This is neat. How would you like the ability to create your own standalone webapps on your Mac OS X desktop? In other words, what if you could turn any website into a Mac desktop application?
Fluid can do just that.
Download Fluid – requires OS 10.5 or later
In seconds, Fluid can take a given website – such as Gmail, Google Docs, Facebook, eBay, YouTube, or whatever you want – and package it into its own Site Specific Browser (SSB). The SSBs can then run as complete and independent Cocoa applications, complete with their own dock icons and menu bars! Fluid SSBs are based on Safari’s WebKit rendering engine.
Creating your own SSB is simple: just launch Fluid and fill in the URL and the name of the App you wish to create.
Choose a place to save your new App (defaults to Applications). If you wish to attach a picture for the Dock icon, you may do so. Otherwise, Fluid will grab the site’s favicon.
Note: Here's a good place to hunt for Fluid App icons.
Here is my new Gmail SSB. Notice the application name and the custom icon in the Dock.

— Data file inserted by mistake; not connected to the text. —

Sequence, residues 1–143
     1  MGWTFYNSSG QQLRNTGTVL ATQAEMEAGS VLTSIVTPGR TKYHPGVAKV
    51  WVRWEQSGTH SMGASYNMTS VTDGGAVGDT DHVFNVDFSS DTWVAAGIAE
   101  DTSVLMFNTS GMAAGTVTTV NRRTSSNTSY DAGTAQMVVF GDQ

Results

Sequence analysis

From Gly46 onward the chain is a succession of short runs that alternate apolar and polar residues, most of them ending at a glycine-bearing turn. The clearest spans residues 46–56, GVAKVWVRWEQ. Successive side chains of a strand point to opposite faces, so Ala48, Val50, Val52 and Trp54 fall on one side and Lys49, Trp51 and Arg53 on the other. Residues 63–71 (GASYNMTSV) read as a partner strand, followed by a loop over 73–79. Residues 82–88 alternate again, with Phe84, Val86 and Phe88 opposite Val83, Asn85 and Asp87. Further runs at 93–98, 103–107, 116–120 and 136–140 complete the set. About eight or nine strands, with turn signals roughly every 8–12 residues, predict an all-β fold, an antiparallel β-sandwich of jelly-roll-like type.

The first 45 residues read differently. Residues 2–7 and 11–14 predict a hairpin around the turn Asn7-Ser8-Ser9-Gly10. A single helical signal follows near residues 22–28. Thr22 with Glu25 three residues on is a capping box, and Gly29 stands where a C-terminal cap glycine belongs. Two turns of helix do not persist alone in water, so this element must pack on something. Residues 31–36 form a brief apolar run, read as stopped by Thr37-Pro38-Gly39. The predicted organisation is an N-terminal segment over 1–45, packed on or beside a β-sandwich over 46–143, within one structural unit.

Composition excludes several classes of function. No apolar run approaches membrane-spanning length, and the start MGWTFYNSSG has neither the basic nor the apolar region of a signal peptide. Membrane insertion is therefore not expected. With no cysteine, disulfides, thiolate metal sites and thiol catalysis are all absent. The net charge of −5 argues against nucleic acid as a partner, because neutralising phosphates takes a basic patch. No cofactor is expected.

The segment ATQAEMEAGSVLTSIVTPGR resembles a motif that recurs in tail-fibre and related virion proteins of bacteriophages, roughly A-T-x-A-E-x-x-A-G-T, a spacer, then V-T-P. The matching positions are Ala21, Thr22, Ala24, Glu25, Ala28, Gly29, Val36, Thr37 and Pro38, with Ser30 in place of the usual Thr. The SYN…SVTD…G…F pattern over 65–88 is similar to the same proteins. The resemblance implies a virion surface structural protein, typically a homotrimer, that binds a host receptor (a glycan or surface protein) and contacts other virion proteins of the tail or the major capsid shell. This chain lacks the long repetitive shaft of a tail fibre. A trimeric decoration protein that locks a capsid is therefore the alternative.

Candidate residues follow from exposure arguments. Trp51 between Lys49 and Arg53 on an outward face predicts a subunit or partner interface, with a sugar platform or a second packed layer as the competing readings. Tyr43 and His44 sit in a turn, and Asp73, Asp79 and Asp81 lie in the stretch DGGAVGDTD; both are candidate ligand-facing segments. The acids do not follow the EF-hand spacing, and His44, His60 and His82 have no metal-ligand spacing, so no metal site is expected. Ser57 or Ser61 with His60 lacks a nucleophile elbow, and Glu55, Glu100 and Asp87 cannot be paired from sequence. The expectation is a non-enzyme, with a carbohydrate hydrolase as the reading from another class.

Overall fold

That’s all there is to it. In this example, Gmail runs as its own self-contained browser App on my desktop. Pretty slick.
With a few extra clicks, you can turn any Fluid App into a Menu item. Just look under the Application name in the menu and click on Convert to MenuExtra SSB.
The App will disappear from the Dock and relaunch as a Menu item.
Because Fluid Apps are based on WebKit, you can even browse sites using Cover Flow. Neat!
Fluid may seem like a novelty, but if there is a website that you tend to leave open most of the time, Fluid can come in handy. Because it’s self-contained, you don’t have to worry about a random browser crash taking down all your open sites.
Fluid itself requires Mac OS 10.5 or greater, but I see no reason why the Apps it creates won’t run on 10.4 or earlier.